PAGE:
Denizens: Maurice

The phone rang.

“Hello.  This is Maurice.”

“Did you call the plumber?”

“Hi, dear.  Nice to hear from you.”

“Ha, ha.  Did you?”

“No, not yet.”

“You have to call him.  I can’t live like this.”

“We have another bathroom.”

“I need mine.  Call him!”

The line went dead, and Maurice hung up the receiver.  Another day, another complaint.  His wife was going to leave him, that much was obvious.  He wondered if she even knew it yet.  She hadn’t said a kind word to him in months, and lately he had given up trying to make her happy.  Now they just shared a house.  The only question was how much longer that would last.

He looked up and saw Denise and Amanda talking.  It did not look like it was going well, so he hurried over to break it up.

“Ladies!  Enough.  Denise, come with me.  Amanda, cool it.”  He walked away with Denise following him.

“‘Reese, I’m sorry.  I shouldn’t have reacted to her baiting me.”

“Do you want me to kick her out?”

“No!  I mean, sure I’m upset with her, but let her stay.  I just need to keep my distance.”

“What about him?  No good reason to let him keep coming in.”

He could tell she was chewing the inside of her lip as she thought about it.

“Just say the word, and I’ll toss the guy.”

She shook her head.  “No.  It’s fine.  Thanks, ‘Reese.  I appreciate you looking out for me, but it’s okay.”

“Alright.  If you change your mind…”

“Thanks.”  She left to go back to her tables.

Maybe it was this place that drove his wife away.  One of the reasons Maurice loved owning a bar was the people he got to know, the way the regulars start to feel like family.  But she never liked it.  Never wanted to get to know these people or even hear him talk about them.  He thought she’d get along with Pete and Denise and Rob.  But she didn’t even try.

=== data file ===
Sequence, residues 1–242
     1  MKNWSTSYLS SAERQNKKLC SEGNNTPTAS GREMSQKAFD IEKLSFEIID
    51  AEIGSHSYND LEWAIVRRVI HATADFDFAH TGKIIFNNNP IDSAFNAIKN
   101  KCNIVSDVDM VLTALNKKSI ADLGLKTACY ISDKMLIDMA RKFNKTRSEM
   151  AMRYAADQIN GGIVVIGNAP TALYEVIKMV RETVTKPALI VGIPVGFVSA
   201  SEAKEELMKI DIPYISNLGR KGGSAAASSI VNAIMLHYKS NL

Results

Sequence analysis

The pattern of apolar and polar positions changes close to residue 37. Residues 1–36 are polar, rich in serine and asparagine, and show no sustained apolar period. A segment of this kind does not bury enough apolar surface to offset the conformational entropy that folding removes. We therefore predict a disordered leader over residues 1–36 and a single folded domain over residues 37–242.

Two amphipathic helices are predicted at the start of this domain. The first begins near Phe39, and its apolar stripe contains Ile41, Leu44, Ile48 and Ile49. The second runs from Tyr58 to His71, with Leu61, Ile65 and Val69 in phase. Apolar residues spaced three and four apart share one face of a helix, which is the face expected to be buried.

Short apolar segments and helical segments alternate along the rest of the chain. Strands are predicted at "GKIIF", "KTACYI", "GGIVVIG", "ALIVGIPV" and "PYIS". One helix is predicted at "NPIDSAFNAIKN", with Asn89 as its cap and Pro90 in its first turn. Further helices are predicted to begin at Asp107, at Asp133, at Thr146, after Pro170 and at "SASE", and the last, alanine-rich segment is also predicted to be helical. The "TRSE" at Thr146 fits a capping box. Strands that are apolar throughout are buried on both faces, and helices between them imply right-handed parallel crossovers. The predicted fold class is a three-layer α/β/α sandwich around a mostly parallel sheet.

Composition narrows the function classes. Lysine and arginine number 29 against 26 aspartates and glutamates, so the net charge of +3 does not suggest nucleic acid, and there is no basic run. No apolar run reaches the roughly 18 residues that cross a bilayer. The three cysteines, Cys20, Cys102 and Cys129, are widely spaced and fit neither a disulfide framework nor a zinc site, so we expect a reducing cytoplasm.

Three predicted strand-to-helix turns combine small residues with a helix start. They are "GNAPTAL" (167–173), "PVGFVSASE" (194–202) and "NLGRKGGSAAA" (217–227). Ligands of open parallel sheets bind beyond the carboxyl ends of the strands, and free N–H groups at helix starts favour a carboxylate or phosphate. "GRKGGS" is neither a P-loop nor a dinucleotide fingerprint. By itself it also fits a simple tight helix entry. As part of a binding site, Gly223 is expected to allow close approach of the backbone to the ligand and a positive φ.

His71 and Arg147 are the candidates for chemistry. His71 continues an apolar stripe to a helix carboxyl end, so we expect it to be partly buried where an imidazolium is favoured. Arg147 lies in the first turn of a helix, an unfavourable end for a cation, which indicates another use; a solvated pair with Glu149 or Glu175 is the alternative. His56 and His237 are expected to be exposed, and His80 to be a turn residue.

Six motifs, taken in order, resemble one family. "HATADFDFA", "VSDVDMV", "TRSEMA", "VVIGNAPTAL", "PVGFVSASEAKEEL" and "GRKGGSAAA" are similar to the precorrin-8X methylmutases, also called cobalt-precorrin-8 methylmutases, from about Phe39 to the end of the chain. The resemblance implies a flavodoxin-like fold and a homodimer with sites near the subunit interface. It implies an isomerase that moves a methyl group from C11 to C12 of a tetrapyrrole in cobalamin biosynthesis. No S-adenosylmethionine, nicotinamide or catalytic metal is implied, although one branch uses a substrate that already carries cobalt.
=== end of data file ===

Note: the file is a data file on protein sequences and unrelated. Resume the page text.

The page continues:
In the end, he had chosen to run a bar, and she didn’t like it.  That wedge created a gap between them that now felt too wide to bridge.  She didn’t try, and now he didn’t either.

The thought wasn’t a new one.  But each time he considered it, he didn’t know what to do with it.  She wouldn’t be happy unless he quit, and he wouldn’t be happy if he did.  And now, he wasn’t sure that it would even be enough to change things.  Hell, she had probably already found someone else.

Maybe that’s why wanted to kick Jim out.  Misplaced anger at his wife.  But Denise stopped him every time he tried.  He hoped Rob would finally talk him into leaving.

“Hey, barkeep.  Can I get a beer?”

There was a man sitting at the bar in front of him that hadn’t been there before.  He looked disheveled, but also familiar.  He had come in a few times, but not enough for Maurice to get to know his name.

“Oh sure.  Sorry.  Lost in thought for a moment.  Pale ale, right?”  He placed a mug on the bar.

The man picked it up.  “Correct.  You have a good memory.”

“For drinks.  Not so much for names.”

“Heh.  Mike.  Also, could I borrow the phone?”

“Yeah.”  He handed Mike the phone.  “Not too many people need this these days.”

“I bet.  Mine was stolen.”  Mike dialed, three quick presses.  “Yes.  I need to report a robbery.”

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